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these statutory provisions and of section 1 of article 10 of the State Constitution which directs the General Assembly to 'provide for the maintenance and support of a thorough and efficient system of public schools, wherein all the children of this Common-wealth above the age of six years may be educated,' we conclude that the minor plaintiffs have a right to attend the public schools and indeed a duty to do so if they are unable to secure an equivalent education privately.

Section 3 of article 1 of the Constitution of Pennsylvania provides that 'All men have a natural and indefeasible right to worship Almighty God according to the dictates of their own consciences; * * * no human authority can, in any case whatever, control or interfere with the rights of conscience. ' This is but the expression of the full and free right which, as Mr. Justice Miller said in Watson v. Jones, 13 Wall. (80 U.S.) 679, 728, 20 L.Ed. 666, in this country is conceded to all 'to entertain any religious belief, to practice any religious principle, and to teach any religious doctrine which does not violate the laws of morality and property, and which does not infringe personal rights.'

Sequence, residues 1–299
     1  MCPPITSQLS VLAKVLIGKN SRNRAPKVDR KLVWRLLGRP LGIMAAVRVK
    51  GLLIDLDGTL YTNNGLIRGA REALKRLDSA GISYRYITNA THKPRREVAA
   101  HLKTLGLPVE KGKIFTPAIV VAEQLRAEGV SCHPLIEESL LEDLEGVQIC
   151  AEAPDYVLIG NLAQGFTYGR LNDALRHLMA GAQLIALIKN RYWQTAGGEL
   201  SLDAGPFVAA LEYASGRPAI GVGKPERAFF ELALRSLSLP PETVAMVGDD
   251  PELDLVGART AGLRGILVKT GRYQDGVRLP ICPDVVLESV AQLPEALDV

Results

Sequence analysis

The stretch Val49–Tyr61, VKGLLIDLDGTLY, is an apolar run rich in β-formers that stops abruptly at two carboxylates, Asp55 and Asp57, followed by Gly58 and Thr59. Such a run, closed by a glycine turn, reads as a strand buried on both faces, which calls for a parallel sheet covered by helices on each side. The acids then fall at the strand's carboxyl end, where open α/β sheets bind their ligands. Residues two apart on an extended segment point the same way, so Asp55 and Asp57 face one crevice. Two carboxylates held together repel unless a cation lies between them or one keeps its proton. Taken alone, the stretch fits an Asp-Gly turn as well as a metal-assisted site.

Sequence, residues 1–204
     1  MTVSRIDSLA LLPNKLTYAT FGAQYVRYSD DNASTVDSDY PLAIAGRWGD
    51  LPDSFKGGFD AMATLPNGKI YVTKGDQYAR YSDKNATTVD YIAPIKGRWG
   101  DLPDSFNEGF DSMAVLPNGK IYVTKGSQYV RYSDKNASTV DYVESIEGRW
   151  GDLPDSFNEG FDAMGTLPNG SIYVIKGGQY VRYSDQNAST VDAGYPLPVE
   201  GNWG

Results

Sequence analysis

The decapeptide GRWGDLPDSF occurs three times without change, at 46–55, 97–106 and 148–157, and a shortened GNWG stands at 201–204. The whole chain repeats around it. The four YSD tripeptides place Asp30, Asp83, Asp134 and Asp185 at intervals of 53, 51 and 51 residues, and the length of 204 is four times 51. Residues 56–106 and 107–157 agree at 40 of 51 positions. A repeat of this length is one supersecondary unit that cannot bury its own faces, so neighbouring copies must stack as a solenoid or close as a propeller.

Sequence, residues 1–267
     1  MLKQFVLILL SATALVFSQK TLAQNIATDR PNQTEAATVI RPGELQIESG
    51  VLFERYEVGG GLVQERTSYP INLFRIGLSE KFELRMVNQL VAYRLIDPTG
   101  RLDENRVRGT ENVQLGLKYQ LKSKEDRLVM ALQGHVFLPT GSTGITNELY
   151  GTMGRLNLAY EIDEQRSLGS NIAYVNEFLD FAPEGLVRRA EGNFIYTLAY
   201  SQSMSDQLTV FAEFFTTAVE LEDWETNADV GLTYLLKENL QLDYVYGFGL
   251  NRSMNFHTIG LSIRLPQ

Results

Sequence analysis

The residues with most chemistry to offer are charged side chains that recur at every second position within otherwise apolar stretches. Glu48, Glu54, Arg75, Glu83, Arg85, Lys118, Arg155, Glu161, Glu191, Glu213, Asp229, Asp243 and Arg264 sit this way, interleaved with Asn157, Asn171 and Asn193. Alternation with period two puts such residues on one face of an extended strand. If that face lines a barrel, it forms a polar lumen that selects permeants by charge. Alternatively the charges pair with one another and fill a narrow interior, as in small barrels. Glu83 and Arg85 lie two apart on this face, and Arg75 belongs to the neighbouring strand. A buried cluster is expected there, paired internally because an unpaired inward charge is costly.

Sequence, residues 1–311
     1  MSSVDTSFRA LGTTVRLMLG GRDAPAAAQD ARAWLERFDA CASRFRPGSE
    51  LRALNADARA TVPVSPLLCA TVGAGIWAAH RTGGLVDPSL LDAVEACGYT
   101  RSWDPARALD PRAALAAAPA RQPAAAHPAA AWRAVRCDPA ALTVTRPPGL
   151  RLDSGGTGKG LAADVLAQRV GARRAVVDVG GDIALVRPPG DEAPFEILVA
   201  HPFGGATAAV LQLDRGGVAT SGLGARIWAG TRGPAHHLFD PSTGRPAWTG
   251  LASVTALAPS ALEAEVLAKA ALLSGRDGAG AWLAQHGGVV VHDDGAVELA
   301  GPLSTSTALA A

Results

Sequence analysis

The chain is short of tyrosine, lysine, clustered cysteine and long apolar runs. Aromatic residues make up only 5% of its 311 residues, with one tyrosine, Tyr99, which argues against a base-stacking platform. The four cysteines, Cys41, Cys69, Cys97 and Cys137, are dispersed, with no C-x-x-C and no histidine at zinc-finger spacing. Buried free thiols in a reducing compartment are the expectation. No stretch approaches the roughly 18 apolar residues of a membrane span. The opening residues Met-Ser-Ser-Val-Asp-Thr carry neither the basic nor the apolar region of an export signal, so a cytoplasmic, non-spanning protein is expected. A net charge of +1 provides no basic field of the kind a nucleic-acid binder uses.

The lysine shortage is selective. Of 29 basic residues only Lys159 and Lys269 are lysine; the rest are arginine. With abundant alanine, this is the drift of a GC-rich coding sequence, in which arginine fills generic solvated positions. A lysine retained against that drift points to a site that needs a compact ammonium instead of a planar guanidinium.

The right of conscience referred to in the Pennsylvania Constitution was defined by Chief Justice Gibson in Commonwealth v. Lesher, 17 Serg. & R. (Pa.) 155, to be 'a right to worship the Supreme Being according to the dictates of the heart; to adopt any creed or hold any opinion whatever on the subject of religion; and to do, or forbear to do, any act, for conscience sake, the doing or forbearing of which, is not prejudicial to the public weal. ' In these words that eminent jurist clearly stated the principle which underlies the constitutional provisions of all the states and which is one of the fundamental bases upon which our nation was founded, namely, that individuals have the right not only to entertain any religious belief but also to do or refrain from...